Cruising in Film
Hollywood on the High Seas
Cruise ships play a starring role in some of the most romantic movies ever made. .
By Jill McGuire
Since the 1930s, filmmakers have found the cruise ship to be a perfect vehicle for telling stories packed with romance and intrigue. Many a cinematic classic revolves around celluloid characters lured to the sea: tortured souls seeking to escape the past; mysterious mavericks with secrets to hide; everyday folks who find themselves caught up in a serendipitous romance or adventure on the high seas.
Why set a movie on a cruise ship? For one thing, it’s a convenient plot device. The director is able to corral all of his character in one place — and they can’t leave without jumping overboard. In addition, a cruise ship offers a set designer all sorts of possibilities, from the elegant salons of a luxurious liner to the bleak steerage decks overflowing with impoverished immigrants.
So grab some popcorn (and maybe a box of Kleenex), settle back, and have a new look at five cruise classics we could watch again and again.
In this Academy Award–nominated version of Sinclair Lewis’ best-selling novel, retired auto magnet Sam Dodsworth (the inimitable Walter Huston) and his wife, Fran (Ruth Chatterton), leave mythical small-town Zenith behind and embark on a trans-Atlantic voyage aboard Queen Mary.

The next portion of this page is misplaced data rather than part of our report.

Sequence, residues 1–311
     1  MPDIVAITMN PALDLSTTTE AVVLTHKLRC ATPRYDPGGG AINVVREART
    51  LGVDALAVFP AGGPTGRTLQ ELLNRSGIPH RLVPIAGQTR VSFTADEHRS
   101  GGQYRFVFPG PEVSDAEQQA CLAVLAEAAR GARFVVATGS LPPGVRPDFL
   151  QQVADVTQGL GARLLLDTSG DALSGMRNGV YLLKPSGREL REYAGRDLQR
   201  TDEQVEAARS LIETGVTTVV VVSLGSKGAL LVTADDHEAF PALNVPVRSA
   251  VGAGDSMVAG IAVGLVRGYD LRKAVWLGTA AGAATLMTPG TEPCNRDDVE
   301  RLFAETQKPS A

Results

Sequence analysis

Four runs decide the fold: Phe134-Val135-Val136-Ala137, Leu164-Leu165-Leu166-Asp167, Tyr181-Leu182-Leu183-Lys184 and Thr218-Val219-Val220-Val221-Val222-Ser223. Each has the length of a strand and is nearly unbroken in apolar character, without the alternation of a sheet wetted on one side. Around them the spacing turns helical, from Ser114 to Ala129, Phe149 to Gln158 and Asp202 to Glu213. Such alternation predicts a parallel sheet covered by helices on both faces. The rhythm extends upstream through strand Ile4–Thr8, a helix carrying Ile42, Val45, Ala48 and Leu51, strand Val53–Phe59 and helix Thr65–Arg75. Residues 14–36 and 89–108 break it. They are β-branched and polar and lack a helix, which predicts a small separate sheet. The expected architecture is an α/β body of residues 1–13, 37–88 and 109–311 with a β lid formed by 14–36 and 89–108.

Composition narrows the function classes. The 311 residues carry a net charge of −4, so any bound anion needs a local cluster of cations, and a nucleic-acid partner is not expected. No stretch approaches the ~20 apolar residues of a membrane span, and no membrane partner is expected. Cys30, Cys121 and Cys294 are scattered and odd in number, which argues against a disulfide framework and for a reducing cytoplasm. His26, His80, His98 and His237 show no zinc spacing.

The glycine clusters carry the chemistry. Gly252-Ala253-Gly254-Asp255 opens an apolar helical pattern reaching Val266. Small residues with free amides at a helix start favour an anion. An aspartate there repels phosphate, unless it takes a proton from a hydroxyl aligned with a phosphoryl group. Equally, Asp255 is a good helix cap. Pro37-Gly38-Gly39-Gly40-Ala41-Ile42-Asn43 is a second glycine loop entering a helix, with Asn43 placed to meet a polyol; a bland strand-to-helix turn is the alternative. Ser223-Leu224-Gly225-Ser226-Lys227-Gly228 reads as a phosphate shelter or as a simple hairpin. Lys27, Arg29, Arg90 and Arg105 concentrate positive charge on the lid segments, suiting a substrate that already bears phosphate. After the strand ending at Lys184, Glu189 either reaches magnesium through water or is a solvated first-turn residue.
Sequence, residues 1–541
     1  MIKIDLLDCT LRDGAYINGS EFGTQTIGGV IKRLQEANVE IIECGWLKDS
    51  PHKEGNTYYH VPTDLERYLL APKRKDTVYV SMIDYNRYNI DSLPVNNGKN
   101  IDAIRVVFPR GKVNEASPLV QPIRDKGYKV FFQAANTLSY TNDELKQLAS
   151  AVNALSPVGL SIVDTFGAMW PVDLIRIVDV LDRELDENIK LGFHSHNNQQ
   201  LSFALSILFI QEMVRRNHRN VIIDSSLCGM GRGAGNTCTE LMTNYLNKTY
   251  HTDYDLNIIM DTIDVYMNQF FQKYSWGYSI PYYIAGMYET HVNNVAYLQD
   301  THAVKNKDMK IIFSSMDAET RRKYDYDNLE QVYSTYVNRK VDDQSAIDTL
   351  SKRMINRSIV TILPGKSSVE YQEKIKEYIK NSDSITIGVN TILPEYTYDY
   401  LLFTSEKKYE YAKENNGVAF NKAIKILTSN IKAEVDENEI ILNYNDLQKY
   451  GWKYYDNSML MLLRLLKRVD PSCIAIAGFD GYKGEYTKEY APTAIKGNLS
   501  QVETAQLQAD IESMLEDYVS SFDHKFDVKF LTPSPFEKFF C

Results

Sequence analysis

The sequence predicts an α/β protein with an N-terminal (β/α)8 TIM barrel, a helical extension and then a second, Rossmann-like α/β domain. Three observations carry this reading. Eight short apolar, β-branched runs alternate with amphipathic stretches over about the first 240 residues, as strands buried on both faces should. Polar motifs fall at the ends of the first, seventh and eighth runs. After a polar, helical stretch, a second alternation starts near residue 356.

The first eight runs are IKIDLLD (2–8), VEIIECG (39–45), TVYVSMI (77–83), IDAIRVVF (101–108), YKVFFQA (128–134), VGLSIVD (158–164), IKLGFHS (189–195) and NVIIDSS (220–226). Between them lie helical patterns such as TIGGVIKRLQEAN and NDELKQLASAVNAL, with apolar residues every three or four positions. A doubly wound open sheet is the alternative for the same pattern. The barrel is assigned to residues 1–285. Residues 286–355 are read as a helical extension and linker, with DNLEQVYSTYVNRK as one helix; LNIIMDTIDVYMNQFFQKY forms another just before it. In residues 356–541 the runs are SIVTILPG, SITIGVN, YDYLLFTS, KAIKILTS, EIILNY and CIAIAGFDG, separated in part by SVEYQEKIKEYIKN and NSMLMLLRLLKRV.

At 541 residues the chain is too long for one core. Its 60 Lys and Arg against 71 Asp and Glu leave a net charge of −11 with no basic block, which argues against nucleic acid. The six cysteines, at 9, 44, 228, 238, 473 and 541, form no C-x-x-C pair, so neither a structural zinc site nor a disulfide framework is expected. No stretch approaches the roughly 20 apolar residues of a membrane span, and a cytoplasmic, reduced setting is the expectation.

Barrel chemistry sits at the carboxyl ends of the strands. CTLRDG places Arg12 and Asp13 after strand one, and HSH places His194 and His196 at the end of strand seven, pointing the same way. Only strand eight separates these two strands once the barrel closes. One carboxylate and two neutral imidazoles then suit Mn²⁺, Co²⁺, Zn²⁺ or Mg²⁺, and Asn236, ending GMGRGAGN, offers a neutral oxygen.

After 20 years living in the shadow of her now middle-aged husband, Fran still imagines herself a young beauty, eagerly anticipating a glamorous new life. She begins by flirting with fellow passenger and suave British cad, Captain Clyde Lockert (David Niven) who, once rejected, chides Fran for playing out of her league. While Sam is bedazzled by the sea, and then London and Paris, Fran pulls further away, eventually sending her doting husband back home on SS Aquitania.
After an affair with cosmopolitan financier Arnold Iselin (Paul Lukas) ends badly, Fran impetuously decides to divorce Sam and marry a much younger Austrian baron smitten by her frivolity and zest for life.
Meanwhile in Naples, Sam runs into Edith Cortright (perfectly portrayed by Mary Astor), an American expat divorcee who he and Fran met on Queen Mary.
In 1936, the fictional Dodsworths might have sailed from New York on Queen Mary’s first return voyage to the U.K. Listed on the National Register of Historic Places, Queen Mary is now a museum and hotel permanently berthed in Long Beach, California.
SS Aquitania reputedly crossed the Atlantic 475 times during 35 years of service.
RMS Rex was the only Italian liner to win the prestigious Blue Riband (Blue Ribbon) award for the fastest North Atlantic crossing.